Most people had chores they were responsible for while growing up. Maybe it was your job to keep the lawn mowed, set the table, clean the bathrooms each Saturday, or some other necessary household task. Regardless of how the family you grew up in approached chores, it’s always a challenge to figure out how you want your own family to navigate these responsibilities.
The key is to start early. Teaching children that household chores are part of everyday life at a young age can help alleviate the frustration older children feel when they suddenly have to contribute to the family’s responsibilities. To put it bluntly, try to get it in their heads before they know anything different!
How Young is Too Young?
Christian homeschooling can be challenging enough and you may think that your preschooler is too young for household chores. But how young is too young? Usually as soon as your child understands basic directions, you can begin teaching them responsibility. For example, a two-year old can learn to pick up their toys, as well as put their clothes in a hamper. They love being around you, so anything you can teach them while talking to them or singing to them will not only be bonding time, but it can also slowly teach them how to do their chores.
Finding the Right Chore Chart
There are a plethora of homeschooling resources, but if you’re looking for help with the basics of age-appropriate chores, check out Latitudes.org where you’ll find information about age-appropriate chores, as well as free printable charts.
Here are some other places to find chore charts:
- Pinterest – Search “chore charts” and you can browse, pin, and even download selected charts for free. If nothing else, it provides you with a good visual of many different types of charts.
- Focus on the Family – This is another resource with suggested age-appropriate chores as well as chart examples for Christian families. It also provides listening suggestions to use while your child is “working.”
Chore Charts for Preschoolers
Here are a few considerations for selecting a chore chart for a preschooler:
- KYC (Know Your Child) – How much do they understand? How coordinated are they? How well do they follow directions? Each child is different. One child may be able to stay on task, while another child will struggle with simple instructions because they are too busy. Regardless of the challenge, and regardless of the type of chart you use, you will probably need a different chart suited to the needs of each child. Customize it accordingly.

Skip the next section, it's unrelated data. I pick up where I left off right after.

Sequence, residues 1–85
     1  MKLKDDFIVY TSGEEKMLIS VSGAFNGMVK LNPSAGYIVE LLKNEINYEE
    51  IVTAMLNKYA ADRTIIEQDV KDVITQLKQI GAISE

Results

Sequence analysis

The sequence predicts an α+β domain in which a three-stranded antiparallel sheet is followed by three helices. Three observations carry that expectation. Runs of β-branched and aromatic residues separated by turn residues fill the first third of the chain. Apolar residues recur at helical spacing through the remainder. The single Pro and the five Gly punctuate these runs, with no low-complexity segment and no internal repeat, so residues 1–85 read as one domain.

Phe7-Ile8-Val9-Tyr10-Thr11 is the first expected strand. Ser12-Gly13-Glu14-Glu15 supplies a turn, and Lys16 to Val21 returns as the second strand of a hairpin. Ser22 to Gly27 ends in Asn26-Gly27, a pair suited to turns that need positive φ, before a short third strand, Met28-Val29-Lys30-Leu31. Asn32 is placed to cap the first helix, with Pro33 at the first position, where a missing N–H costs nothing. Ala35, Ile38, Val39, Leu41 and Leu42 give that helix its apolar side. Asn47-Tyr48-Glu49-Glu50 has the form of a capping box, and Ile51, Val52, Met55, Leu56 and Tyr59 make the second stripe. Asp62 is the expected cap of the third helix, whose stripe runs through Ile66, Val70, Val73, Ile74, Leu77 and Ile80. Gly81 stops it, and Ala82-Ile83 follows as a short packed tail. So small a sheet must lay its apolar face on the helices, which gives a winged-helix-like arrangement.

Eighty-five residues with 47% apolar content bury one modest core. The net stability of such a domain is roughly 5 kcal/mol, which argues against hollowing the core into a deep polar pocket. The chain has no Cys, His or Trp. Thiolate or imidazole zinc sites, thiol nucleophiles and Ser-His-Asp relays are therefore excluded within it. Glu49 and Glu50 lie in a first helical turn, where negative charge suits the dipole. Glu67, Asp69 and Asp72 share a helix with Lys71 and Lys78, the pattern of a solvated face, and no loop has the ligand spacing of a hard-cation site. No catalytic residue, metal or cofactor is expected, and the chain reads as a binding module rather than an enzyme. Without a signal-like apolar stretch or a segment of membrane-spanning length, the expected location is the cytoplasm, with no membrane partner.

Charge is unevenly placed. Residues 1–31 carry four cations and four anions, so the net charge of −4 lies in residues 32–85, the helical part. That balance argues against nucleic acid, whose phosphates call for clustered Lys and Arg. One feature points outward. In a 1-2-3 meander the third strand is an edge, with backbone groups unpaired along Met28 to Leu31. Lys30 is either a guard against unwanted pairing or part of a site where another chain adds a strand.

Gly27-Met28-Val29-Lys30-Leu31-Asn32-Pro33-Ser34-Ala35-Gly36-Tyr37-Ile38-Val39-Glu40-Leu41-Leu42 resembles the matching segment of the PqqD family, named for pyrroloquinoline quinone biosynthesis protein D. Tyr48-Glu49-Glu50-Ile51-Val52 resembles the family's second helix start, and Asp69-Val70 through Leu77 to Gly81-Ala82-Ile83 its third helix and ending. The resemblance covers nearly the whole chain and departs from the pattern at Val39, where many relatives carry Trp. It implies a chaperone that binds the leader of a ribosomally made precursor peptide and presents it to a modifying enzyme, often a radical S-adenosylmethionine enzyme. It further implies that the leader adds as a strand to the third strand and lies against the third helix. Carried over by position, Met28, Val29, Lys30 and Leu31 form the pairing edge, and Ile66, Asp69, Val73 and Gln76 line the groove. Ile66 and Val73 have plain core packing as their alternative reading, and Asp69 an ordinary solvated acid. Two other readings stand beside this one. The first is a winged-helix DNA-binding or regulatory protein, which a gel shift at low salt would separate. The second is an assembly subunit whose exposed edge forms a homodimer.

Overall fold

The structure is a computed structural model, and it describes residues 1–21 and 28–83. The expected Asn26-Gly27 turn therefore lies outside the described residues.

- Determine the Reward – Some parents feel very strongly that a child should learn to do their part for the family without the expectation of a reward. This may work for your family, but remember that rewards don’t have to be monetary. They can come in the form of staying up a little later, choosing what the family watches on movie night, or just simply a trip to get an ice cream cone. Again, KYC: learn what is important to them and what motivates them, and use this as an opportunity to teach them about the personal internal reward for doing a good job. If you praise them for completing tasks, you might find out that this is all they want!
It’s also important to select a chart that is easily understandable for your child. Most preschoolers don’t understand words, but they understand pictures. Here are some examples of charts for preschoolers:
Chart 1 – This is a two-fold chart that can grow with your child. It has pictures initially, but as your child grows, you can use it as a points system (see upper right hand corner).
Chart 2 – This is probably as simple a chart as you can find and it’s an excellent choice for a preschooler. Pictures help them see their task, but they get to place checks or Xs to signify the task was completed.
Chart 3 – This chart uses pictures, but gives the child an opportunity to add gold stars to their completed tasks. Notice the goal-setting number at the bottom determined by either the child or the parent for a predetermined reward.
As we all know, parenting is a challenge – and sometimes Christian parenting seems even more so. But training up a child is important and it needs to start early. What better way to do so than to start with basic tasks while they are young.
These charts are resources to help your child understand responsibility, but they also assist with basic child development. Helping you make the bed requires a certain amount of coordination, as well as a growing understanding of how things work and should look. Your involvement in their chores is helping their development, but most importantly, the time you spend with them is guiding and helping them become responsible people no matter their age.